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Photographs by Joe Niem

Sea Change: Heather Kellems' Faeryfetish Designs tread the line between land and sea, dream and waking. Here, in a duo that Brooks College student Kellems has named 'Liquid,' a top made of wire, pantyhose, herringbone braid trim and acrylic paint is paired with a fully lined flounced skirt made of hand-painted habotai silk.

Choose Your Own Adventure

THIS FALL'S LOOK luxuriates in individuality. Lush, classic and arty—boutique fashionistas are pushing pieces, and the more unique and handcrafted they are, the better. Silkscreened jackets, embroidered shirts, tie-dyed sweaters, handmade scarves, hand-tooled bags ... all lend personality. Copycat dressing is out; personal style is where it's at. Who—or what—do you want to be this season?

In Metro Style 2004, we look at some wearable identities created by local up-and-coming designers. Students and graduates from the Brooks College and West Valley College fashion design departments reveal their iconoclastic visions, from mermaid to matador. Cupertino-based designer Bella Dolci ponies up with his half Harley-Davidson, half cowboy handbags—art pieces with attitude.

Art and fashion have always gone hand-in-hand. It's art that gives fashion style. And while it may be true, as Edna W. Chase famously said, that "fashion can be bought; style one must possess," personality goes a long way toward formulating both.

—Traci Vogel

Ruche 'n Roulette: Sara Ellinger knows fantasy. 'I love to dream and live another life through my designs,' says the Brooks College student. For this dream of a top, Ellinger was inspired by fashions of the 18th century—a particularly wealthy period, when luxury discovered the middle class. Romantic tops abound this season, with ruched (gathered) fabrics dominating.

Pattern Recognition: West Valley College graduate Joyita Ghose's handpainted silk scarves draw on images from nature and folk art. Ghose, who taught herself the process after seeing handpainted scarves displayed at an art fair, says that with each piece she strives to tell a story. You can purchase her scarves at www.poshaq.com. Scarves highlight the fashion landscape for fall; designers use them as belts, shawls, chokers and even in place of watchbands.

Toro Chic: Brooks College student Kelly Williams deems her Spanish matador jacket the perfect piece for 'someone who wants to be seen.' Less adorned than traditional matador jackets, this fashion bull's-eye charges in where the timid fear to tread. Cropped matador-style jackets are seen this season paired with jeans and pencil skirts. Metallic gold and silver accents win over the designer set.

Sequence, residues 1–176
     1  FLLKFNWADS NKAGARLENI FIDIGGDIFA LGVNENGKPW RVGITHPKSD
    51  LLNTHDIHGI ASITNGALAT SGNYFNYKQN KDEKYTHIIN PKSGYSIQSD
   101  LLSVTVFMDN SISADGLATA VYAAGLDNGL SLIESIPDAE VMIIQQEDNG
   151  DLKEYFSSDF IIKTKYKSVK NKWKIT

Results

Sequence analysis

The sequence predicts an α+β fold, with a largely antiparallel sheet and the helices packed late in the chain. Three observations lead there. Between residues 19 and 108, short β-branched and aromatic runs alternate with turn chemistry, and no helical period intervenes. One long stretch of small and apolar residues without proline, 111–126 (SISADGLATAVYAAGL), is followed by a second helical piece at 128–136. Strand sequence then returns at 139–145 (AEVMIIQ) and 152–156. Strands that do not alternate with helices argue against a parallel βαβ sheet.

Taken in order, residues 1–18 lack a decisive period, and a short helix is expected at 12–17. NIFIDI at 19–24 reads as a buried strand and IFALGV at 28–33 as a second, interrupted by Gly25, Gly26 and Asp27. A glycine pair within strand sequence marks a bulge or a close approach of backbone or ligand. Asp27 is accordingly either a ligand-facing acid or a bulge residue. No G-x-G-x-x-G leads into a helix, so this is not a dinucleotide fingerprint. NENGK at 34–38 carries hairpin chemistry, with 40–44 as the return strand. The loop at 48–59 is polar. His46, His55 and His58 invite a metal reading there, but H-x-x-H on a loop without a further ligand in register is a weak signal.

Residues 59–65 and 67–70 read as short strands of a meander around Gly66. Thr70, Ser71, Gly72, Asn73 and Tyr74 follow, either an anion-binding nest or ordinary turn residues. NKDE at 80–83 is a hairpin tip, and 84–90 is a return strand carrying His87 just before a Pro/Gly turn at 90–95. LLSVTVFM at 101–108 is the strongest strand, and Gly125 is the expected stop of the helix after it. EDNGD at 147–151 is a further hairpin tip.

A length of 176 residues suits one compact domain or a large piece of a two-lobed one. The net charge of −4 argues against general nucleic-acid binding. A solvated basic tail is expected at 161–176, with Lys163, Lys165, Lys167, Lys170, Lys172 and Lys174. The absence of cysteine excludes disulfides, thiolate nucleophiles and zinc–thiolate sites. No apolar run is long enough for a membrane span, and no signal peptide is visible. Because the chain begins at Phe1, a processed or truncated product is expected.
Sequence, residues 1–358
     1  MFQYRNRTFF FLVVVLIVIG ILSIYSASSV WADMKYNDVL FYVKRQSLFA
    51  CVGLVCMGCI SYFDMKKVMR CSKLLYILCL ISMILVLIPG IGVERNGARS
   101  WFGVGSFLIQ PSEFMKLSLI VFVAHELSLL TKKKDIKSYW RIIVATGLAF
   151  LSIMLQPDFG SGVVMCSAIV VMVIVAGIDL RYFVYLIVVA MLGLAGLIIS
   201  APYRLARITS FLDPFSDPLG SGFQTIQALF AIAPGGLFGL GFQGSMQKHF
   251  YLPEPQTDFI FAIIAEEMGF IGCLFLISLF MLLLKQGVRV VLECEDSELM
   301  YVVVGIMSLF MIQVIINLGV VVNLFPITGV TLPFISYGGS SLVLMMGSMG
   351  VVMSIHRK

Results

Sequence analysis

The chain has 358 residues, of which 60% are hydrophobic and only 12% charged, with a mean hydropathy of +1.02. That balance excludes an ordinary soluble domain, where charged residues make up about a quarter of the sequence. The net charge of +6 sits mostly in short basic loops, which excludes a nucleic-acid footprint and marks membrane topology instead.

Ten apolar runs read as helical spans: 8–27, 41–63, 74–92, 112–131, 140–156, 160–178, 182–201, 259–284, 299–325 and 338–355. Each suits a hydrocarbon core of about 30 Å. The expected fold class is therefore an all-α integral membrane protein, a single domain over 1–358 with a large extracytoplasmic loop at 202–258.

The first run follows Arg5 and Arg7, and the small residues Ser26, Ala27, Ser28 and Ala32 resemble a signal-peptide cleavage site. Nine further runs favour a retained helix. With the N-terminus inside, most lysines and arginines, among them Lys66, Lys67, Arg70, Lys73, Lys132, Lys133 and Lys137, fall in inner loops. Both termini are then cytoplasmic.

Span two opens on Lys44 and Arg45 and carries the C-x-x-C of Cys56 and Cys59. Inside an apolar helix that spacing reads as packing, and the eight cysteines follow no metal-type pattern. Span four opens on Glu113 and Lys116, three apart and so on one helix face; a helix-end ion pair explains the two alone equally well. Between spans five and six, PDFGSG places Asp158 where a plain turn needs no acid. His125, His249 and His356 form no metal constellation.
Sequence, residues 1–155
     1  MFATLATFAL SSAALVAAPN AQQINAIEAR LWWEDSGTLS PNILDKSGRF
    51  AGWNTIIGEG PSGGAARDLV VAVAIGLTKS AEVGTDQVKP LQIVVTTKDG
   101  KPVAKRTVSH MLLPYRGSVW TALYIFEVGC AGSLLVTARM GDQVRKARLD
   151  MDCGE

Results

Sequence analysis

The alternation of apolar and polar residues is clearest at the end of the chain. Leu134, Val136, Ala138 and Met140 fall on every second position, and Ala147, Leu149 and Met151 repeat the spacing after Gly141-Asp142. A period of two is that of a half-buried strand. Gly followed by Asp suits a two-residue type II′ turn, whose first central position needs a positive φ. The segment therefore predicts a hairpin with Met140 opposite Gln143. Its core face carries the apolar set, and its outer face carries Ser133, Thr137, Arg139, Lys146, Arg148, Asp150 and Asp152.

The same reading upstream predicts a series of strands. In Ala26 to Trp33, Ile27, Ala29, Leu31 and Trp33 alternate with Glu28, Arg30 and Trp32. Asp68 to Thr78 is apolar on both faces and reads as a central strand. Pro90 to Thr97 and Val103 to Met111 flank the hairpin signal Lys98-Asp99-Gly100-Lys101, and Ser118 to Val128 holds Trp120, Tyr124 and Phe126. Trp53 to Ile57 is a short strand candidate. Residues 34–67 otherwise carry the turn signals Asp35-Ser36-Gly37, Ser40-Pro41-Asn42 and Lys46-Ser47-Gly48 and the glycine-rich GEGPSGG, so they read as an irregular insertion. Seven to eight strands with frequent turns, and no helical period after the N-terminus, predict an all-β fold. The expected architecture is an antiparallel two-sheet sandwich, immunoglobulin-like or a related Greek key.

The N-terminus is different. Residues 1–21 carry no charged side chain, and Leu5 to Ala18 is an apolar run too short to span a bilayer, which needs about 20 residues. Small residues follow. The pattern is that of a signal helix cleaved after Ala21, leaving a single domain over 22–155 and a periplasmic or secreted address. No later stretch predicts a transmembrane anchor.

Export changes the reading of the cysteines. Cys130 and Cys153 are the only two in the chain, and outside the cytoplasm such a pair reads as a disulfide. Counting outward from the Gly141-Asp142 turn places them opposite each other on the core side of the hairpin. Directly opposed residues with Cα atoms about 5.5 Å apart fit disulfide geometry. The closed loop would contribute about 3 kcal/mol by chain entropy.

Jacket Not Required: Janine Riemer's tie dress arose from the knotty dilemma of staying fashionable in high school. Having no money, but wanting something 'different,' Riemer kept picking up vintage ties at thrift stores: 'wacky ties that nobody would want to wear—wool, silk poly, even some designer ties like Dior.' Inspiration struck. She likes the way the shape and form of the ties complement the line of the body, and how the edge of the ties gives the hem a 'Tinkerbell effect.'

Luggage Nut: Cupertino-based Bella Dolci dreams up gear for the rugged iconoclast and the delicate individualist alike. Truly one-of-a-kind, each bag is crafted of leather and calfskin, with hand-tooled hardware. Like Clint Eastwood in 'Dirty Harry,' these are bags that keep coming back for more abuse, and just look more authentic. Available at www.belladolci.com.

Thanks to Kathleen J. Evans, Fashion Design and Merchandising Department chair at Brooks College; Ruth Carlson, public affairs director at West Valley College; and Halvorson Model Mgmt and their models Kim and Karla, Maria Lee makeup and Krisann Ranes at 33 South Third.

Send a letter to the editor about this story to letters@metronews.com.

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From the August 25-31, 2004 issue of Metro, Silicon Valley's Weekly Newspaper.

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